When someone dies from pancreatic cancer during coronavirus
It can feel overwhelming when someone close to you dies. You will be dealing with lots of different emotions and coronavirus may make all of this seem much harder.
Read all of our information about end of life care during coronavirus
- Pancreatic cancer and end of life care during coronavirus
- Accessing end of life care during coronavirus
- Visiting someone at the end of their life during coronavirus
- When someone dies from pancreatic cancer during coronavirus
- Coping with bereavement during coronavirus
There’s a step by step guide to what you need to do when someone dies in England, Scotland, Wales and Northern Ireland. This includes information about registering the death, arranging the funeral and telling the government about the death.
There are specific guidelines about funerals at the moment. These aim to reduce the spread of coronavirus – but they may be quite hard to deal with emotionally – read more about this below.
- Only a small number of family and close friends should attend the funeral.
- The number of people attending should be kept to a minimum. There are limits on how many people can go to a funeral. Read about these in England, Scotland, Wales and Northern Ireland.
- Everyone attending the funeral should practice social distancing, keeping 2 metres apart, unless they live together.
- Everyone should wash their hands or use hand sanitiser regularly, and avoid touching their face.
- If you have symptoms of coronavirus, you must not go to the funeral.
- If you are self-isolating because someone you live with has symptoms of coronavirus or you have been contacted by the test and trace service, you should not go to the funeral. If you live in England, you can attend if you are a close family member, but even then, it is recommended that you don’t go. If you do decide to, you should carefully take social distancing precautions on the GOV.UK website.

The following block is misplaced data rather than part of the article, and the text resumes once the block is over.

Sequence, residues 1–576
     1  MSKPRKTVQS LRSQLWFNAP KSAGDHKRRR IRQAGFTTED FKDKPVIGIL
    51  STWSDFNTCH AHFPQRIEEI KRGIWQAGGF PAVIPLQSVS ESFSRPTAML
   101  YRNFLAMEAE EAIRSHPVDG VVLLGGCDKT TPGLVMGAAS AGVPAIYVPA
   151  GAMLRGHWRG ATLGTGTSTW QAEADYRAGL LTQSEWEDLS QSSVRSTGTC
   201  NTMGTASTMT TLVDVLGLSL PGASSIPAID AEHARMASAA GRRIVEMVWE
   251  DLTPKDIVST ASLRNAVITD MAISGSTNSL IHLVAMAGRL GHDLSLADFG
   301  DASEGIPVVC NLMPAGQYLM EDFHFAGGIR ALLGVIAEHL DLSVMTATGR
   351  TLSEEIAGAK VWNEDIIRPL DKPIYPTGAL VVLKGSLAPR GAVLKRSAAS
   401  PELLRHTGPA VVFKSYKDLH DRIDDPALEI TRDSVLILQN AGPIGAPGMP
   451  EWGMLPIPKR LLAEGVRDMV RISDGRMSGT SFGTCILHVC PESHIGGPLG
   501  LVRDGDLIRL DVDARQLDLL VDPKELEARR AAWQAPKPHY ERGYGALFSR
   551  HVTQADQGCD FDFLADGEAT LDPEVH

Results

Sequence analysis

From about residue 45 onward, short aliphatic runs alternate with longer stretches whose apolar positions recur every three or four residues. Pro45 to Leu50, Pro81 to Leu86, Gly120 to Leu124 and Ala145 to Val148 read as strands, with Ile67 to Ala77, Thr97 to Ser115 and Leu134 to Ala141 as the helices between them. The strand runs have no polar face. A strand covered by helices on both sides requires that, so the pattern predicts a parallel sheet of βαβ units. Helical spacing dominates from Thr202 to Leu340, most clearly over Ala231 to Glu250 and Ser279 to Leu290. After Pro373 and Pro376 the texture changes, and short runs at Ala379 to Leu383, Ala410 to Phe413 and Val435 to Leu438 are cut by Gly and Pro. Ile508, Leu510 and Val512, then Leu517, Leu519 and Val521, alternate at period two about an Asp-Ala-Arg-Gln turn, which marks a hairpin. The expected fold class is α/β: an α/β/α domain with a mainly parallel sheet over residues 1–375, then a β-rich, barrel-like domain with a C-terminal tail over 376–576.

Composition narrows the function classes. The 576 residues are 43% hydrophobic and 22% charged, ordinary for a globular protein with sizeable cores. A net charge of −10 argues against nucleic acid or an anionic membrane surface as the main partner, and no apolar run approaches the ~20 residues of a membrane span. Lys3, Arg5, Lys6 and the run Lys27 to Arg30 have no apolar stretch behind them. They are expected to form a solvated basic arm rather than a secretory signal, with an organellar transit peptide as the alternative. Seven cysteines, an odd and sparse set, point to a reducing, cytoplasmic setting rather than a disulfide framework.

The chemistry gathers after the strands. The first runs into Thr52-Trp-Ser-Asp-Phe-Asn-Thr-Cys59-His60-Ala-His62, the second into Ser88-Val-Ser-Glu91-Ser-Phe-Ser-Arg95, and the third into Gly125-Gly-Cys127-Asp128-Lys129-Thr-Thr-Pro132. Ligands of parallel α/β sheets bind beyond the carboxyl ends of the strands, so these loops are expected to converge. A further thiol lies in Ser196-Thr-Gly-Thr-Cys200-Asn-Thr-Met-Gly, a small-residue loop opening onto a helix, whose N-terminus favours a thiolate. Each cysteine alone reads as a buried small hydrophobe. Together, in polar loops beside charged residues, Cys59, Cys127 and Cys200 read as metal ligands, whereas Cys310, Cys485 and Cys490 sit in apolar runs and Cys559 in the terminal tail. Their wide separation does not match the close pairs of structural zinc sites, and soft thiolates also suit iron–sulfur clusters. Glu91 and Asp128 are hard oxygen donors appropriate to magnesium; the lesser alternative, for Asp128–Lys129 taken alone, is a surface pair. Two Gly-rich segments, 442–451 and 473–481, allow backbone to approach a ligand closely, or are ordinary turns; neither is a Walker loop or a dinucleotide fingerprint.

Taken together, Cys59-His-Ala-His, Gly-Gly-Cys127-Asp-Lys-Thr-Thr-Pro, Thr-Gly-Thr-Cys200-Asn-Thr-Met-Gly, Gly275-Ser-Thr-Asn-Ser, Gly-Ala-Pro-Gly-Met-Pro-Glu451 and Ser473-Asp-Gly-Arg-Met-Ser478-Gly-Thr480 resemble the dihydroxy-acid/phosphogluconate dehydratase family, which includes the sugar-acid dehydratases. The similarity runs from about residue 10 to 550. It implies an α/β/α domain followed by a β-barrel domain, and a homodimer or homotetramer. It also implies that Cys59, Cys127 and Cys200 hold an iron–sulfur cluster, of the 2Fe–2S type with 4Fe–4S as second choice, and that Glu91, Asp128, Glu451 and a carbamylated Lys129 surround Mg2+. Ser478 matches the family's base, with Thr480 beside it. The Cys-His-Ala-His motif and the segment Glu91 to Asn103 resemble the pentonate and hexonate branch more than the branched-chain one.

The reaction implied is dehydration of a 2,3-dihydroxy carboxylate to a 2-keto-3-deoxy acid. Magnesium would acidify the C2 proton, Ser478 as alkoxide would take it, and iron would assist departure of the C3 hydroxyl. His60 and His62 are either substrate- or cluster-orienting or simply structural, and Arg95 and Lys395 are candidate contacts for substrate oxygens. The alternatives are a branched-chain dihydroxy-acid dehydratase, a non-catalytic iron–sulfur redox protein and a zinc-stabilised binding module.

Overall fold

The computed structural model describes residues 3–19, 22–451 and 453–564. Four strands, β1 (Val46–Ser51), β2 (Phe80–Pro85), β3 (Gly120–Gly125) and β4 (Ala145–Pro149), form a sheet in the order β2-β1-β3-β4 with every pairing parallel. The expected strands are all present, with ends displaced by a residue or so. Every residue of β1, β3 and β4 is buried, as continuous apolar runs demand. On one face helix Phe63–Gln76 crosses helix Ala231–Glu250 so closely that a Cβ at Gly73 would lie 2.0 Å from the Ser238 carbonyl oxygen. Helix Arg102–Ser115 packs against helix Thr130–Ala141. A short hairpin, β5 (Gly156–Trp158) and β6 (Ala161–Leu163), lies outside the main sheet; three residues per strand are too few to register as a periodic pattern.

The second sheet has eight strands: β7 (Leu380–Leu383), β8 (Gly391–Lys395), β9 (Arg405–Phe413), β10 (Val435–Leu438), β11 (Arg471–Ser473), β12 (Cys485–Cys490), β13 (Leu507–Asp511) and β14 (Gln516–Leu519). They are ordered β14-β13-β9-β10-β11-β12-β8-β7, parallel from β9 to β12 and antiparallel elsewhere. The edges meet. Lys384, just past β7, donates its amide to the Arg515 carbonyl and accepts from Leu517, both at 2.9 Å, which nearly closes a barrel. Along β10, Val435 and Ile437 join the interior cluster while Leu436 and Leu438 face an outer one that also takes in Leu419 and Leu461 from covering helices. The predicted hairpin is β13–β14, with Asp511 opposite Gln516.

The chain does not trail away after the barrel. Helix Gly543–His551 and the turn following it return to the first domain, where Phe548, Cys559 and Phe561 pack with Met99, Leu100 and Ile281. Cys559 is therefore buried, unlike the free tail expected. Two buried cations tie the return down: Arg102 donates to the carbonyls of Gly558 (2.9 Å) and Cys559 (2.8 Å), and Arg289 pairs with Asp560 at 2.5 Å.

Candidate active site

- If you are at higher risk of getting ill from coronavirus, you should also think carefully about going to the funeral. If possible, try to use digital ways to attend, rather than going in person. If you do decide to go, you should take precautions to protect yourself from coronavirus.
Some religious and cultural practices may need to be restricted at the moment. For example, there may be restrictions on taking your loved one home to rest, or washing their body. Speak to the funeral director about what is possible.
All these restrictions may be very upsetting. Funerals are an important part of the grieving process. They give family and friends a chance to say goodbye to the person who has died, as well as supporting each other. Having to limit the number of people at the funeral may be very hard. You may feel like you’re not giving your loved one a proper send off, and that friends and family aren’t able to gather to console each other. With social distancing, you may not even be able to hug those who are there. And if you aren’t able to attend the funeral, you may have all sorts of emotions, such as feeling sad, guilty, angry or isolated.
Although you may not be able to bring everyone together in one place for the funeral, there are some things that might help you remember your family member.
- It may be possible to stream the funeral online through video for those who can’t come – for example by Skype or Zoom. Or you may be able to record it to share with friends and family. Speak to the funeral directors about what is possible.
- You could create an online book of condolences for people who can’t attend the funeral to share their thoughts and memories.
- You may be able to hold a memorial event at a later date, once the coronavirus restrictions have been relaxed and people can gather again.
- You could set up a tribute fund to remember your loved one, celebrate their life, and allow family and friends to make a donation in their memory.
- Marie Curie have more suggestions of things you could do.
Updated 17 May 2021